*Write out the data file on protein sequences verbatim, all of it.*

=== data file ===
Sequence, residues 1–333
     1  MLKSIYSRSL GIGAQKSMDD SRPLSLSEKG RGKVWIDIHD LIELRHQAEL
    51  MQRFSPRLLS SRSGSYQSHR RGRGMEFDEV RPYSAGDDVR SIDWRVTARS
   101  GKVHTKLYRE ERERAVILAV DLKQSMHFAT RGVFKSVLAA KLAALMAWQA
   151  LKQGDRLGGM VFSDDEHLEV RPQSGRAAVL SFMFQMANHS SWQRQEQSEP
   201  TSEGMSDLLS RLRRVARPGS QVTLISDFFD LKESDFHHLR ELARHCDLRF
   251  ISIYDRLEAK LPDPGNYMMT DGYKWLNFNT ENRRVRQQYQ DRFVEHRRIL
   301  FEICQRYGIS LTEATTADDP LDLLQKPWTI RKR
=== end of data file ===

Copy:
Sequence, residues 1–333
     1  MLKSIYSRSL GIGAQKSMDD SRPLSLSEKG RGKVWIDIHD LIELRHQAEL
    51  MQRFSPRLLS SRSGSYQSHR RGRGMEFDEV RPYSAGDDVR SIDWRVTARS
   101  GKVHTKLYRE ERERAVILAV DLKQSMHFAT RGVFKSVLAA KLAALMAWQA
   151  LKQGDRLGGM VFSDDEHLEV RPQSGRAAVL SFMFQMANHS SWQRQEQSEP
   201  TSEGMSDLLS RLRRVARPGS QVTLISDFFD LKESDFHHLR ELARHCDLRF
   251  ISIYDRLEAK LPDPGNYMMT DGYKWLNFNT ENRRVRQQYQ DRFVEHRRIL
   301  FEICQRYGIS LTEATTADDP LDLLQKPWTI RKR